The Boy Who Couldn’t Sleep and Never Had To
Vintage Contemporaries: 240 pp.,
As writers such as Michael Chabon and Jonathan Lethem have embraced their comic-inspired youth, revealing an intimate love for the medium and an appreciation of its cultural resonance, they have in turn inspired the next generation of young comic-obsessed novelists. New crops of high-school pariahs continue to emerge, creating sci-fi worlds in notebook margins and not fearing to stand tall among the great modern-day creative force.
DC Pierson’s debut novel, “The Boy Who Couldn’t Sleep and Never Had To,” reveals the budding comic artist as he truly is, without the romance of history, as he sits in the back of the classroom, in 2010, thinking about “Buffy the Vampire Slayer.”
In his work with the New York City sketch troupe Derrick, Pierson is often cast as the archetypal nerd with glasses and a scatological sense of humor. In his novel, the best-friend protagonist duo of Eric and Darren are likewise iconic nerds who spend their time conjuring TimeBlaze, a post- “Star Wars” fantasy.
The book’s title refers to Eric’s sci-fi-like insomniac secret, which he reveals to Darren in one of the book’s more intimate scenes. This “superpower” is what eventually precipitates their rabbit-hole fall into comic-book surreality, where conspiracy theories and nightmares become inseparable from their teenage drama.
If the goal of the bildungsroman is to contain the consciousness of a generation, Pierson has succeeded to the point of cringe-worthy accuracy. At one point, Darren must create a profile for Nametag.com (think Facebook) so that a girl he fancies can invite him to a party. Under the “favorite movies” category he lists “Fight Club” and “Eternal Sunshine of the Spotless Mind” because they are his older brother’s favorites and read as better choices than his own. Despite the twee-ness of the plot, it does express the dramatic narrative for many a young person’s life and is no more cringe-worthy than Jane Austen’s in-depth descriptions of her era’s courting rituals.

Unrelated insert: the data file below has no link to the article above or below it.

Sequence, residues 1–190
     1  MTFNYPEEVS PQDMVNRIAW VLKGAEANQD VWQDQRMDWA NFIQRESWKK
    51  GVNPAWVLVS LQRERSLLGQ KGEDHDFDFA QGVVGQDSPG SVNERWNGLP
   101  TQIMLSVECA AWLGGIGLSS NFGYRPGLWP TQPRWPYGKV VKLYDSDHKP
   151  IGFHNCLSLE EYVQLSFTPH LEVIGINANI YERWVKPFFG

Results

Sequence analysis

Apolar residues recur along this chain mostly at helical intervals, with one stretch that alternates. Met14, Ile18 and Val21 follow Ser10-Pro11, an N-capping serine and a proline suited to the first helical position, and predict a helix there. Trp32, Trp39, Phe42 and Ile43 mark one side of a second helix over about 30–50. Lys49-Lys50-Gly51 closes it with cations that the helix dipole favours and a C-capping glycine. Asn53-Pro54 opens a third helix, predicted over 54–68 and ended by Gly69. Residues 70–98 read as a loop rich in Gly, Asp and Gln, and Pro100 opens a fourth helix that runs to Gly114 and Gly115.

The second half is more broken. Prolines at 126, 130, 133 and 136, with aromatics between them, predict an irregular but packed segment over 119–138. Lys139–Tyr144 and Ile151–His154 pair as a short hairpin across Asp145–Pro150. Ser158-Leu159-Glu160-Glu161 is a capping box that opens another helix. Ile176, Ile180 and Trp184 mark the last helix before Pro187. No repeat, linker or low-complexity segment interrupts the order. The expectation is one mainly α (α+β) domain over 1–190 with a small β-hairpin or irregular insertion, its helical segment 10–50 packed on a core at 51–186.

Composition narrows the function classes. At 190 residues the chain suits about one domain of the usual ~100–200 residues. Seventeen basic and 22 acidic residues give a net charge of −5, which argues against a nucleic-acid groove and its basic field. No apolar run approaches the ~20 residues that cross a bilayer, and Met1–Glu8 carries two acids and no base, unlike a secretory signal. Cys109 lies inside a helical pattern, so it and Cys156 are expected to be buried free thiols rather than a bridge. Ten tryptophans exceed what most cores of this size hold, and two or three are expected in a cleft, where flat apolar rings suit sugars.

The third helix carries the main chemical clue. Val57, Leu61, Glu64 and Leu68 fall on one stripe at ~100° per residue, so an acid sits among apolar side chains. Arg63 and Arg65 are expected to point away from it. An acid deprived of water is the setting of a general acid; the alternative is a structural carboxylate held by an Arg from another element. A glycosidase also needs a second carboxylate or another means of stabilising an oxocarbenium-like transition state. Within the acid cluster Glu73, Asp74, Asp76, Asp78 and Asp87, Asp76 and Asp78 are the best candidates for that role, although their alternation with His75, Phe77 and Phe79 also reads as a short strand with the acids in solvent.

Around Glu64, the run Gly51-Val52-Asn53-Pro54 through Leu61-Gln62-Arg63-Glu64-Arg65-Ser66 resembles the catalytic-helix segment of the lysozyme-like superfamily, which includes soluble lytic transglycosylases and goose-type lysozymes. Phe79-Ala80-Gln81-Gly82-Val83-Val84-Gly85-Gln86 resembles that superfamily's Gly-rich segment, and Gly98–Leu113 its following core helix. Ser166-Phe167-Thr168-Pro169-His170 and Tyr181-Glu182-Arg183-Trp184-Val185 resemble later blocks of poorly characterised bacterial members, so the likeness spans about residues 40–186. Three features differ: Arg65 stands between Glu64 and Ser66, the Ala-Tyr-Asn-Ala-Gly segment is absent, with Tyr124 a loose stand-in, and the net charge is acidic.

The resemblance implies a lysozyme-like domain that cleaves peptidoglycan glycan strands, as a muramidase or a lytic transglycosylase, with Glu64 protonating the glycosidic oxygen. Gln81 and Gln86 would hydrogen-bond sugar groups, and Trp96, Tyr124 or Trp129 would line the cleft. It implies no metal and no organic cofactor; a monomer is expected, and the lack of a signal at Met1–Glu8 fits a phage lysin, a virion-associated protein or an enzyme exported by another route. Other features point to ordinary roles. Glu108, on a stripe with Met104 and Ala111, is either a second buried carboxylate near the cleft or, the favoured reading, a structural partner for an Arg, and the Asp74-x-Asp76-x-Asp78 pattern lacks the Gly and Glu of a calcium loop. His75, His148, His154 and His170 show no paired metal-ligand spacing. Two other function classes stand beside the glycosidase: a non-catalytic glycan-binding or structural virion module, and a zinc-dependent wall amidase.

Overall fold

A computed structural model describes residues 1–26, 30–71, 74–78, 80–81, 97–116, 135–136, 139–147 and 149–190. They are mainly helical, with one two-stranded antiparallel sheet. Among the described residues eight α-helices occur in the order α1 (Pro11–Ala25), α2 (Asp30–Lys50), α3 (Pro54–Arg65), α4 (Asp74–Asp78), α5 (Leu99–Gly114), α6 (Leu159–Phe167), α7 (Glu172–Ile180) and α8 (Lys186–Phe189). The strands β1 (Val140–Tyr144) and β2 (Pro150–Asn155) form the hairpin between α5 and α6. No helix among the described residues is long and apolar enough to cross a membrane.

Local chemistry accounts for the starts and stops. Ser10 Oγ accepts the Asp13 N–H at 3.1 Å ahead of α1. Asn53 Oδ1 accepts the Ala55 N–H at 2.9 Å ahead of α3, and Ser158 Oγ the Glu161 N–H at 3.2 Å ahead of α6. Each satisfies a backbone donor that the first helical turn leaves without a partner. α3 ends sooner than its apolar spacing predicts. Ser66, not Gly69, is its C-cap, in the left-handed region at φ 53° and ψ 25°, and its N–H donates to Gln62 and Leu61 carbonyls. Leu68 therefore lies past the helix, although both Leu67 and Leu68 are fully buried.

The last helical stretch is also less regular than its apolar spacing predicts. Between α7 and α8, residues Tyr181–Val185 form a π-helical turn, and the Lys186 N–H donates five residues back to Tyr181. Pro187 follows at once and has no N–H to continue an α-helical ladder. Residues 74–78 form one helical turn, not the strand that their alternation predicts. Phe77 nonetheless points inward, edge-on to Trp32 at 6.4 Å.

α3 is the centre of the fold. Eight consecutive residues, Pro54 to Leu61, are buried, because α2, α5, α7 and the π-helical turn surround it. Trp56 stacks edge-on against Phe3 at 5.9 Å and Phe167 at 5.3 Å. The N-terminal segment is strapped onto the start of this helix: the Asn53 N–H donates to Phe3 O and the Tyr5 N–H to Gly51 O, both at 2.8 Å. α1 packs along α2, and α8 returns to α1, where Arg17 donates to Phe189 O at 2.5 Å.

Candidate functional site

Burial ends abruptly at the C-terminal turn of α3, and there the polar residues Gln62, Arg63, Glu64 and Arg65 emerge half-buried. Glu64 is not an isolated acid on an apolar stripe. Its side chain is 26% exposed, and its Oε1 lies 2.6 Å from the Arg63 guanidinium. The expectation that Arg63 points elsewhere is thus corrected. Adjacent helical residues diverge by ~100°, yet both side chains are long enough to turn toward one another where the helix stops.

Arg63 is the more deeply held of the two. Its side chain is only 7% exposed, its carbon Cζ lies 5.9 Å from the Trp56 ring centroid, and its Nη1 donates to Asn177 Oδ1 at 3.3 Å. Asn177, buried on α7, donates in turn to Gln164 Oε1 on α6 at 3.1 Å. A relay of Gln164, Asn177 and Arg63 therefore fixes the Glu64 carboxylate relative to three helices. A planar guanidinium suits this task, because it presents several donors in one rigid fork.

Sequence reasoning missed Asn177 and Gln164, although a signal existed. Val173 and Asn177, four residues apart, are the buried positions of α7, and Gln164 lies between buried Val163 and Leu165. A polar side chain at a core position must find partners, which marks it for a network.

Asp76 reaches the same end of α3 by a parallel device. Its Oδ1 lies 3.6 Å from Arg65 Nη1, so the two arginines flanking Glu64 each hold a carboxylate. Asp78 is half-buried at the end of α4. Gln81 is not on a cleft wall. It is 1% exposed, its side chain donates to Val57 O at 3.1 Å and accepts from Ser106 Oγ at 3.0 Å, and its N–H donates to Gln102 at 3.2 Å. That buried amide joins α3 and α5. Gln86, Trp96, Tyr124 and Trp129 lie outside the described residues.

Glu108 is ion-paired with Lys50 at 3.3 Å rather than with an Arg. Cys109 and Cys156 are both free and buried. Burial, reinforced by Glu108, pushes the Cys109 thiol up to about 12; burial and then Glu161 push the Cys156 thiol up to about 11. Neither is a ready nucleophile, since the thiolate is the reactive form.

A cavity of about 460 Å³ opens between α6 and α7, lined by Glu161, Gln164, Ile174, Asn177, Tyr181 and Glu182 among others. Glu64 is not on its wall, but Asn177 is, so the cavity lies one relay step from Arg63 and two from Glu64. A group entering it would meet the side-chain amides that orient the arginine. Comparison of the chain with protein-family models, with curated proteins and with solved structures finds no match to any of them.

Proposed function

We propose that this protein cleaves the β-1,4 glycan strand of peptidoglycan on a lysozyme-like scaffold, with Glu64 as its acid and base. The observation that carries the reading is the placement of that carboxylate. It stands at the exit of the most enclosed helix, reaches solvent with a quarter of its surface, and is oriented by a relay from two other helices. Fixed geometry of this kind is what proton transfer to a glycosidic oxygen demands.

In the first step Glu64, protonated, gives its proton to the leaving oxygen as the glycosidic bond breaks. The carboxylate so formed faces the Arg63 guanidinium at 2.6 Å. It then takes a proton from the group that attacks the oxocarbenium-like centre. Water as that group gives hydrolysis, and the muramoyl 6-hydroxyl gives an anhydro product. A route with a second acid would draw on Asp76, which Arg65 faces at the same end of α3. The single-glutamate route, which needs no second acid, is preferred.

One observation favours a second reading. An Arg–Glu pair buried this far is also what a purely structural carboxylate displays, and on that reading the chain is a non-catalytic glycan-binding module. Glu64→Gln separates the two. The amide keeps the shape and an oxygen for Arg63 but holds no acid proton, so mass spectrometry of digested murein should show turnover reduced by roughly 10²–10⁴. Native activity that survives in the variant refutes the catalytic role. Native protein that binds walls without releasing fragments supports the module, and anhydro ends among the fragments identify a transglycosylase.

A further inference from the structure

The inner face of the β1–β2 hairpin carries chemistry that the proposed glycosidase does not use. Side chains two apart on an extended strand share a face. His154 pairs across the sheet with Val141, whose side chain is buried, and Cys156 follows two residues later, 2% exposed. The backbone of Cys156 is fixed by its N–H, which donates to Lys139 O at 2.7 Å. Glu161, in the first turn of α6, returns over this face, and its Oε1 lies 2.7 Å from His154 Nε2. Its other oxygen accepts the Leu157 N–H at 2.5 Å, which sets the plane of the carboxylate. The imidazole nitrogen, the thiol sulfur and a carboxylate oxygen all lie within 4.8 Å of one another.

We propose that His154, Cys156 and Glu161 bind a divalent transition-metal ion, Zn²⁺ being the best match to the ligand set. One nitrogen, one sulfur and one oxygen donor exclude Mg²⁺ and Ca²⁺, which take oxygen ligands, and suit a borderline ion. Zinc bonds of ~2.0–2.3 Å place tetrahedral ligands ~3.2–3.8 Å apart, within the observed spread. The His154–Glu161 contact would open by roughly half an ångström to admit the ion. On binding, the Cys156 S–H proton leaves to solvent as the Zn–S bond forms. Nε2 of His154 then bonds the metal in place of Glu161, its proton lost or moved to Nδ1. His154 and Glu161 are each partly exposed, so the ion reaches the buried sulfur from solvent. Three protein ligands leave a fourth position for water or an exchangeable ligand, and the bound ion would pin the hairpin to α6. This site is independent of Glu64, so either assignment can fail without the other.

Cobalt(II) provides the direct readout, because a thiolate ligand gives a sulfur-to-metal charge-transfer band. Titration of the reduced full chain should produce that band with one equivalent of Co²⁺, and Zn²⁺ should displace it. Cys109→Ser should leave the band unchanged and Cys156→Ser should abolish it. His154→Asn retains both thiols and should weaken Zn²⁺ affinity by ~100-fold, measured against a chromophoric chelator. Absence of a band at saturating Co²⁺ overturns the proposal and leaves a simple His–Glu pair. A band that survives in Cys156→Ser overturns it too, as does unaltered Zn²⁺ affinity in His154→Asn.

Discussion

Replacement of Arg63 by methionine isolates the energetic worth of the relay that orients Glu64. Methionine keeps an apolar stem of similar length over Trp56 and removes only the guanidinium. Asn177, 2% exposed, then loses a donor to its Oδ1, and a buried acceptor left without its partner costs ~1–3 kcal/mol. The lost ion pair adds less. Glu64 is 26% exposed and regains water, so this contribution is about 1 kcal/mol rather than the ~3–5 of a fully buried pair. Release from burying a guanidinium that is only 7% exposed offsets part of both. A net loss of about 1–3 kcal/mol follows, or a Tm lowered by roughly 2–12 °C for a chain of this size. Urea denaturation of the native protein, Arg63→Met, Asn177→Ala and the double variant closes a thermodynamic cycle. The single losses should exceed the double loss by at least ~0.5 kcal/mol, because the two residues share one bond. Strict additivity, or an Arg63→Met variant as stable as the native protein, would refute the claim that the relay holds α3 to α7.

Pierson is unafraid of being a scribe for the banality of youth, and he does a fine job of it, using gaudy pop culture references (energy drinks, blogs) as his adornment. His big-brother bullies and best-friend betrayals and coming-of-age sexual experiences (voyeurism, porn) are sitcom-ready plot points, and yet his earnest, plainspoken delivery wipes away the reader’s arched eyebrow.
As Ann Beattie did in “Chilly Scenes of Winter,” Pierson captures the effortlessness of daily life without the sluggish pace. Where Beattie worked with the conversational ennui of the 1970s, Pierson draws upon the ungraceful, un-literary language of contemporary boys who wield ordinary powers of observation: “A movie about frat boys trying to see boobs is playing on ' Comedy Central,’ ” Darren notices.
Pierson expresses immaturity on all levels, and the line he walks is as thin as they get: Is this another mimetic fallacy (writing about an idiot like an idiot) or the brilliant opening chapter of “Portrait of the Artist as a Young Man,” written in the intellectual discernment of its young protagonist’s age? Pierson writes, “I get one of those ‘can-I-come-over-we-need-to-talk’ calls and this time I tell myself I’m going to be supportive and not say anything retarded or insensitive. . . . She gets there and says we should go up to my room but not in a because-I’m-about-to-get-a-condom-out-of-my-purse way.”
Platitudes, inhuman emotional turns, overblown drama -- these are the elements of both teenagehood and “The Boy Who Couldn’t Sleep and Never Had To.” The story is all charm, but toward the end, when Darren and Eric’s comic seems to literally come to life, the book reveals itself as young adult fiction, a term meant not as dismissive but as indicative of the readership still in need of solid nerd commiseration. Here, the geek has not been transformed, only given voice to discuss alien robots. What outcast wouldn’t be comforted by that?
Simonini is interviews editor at the Believer.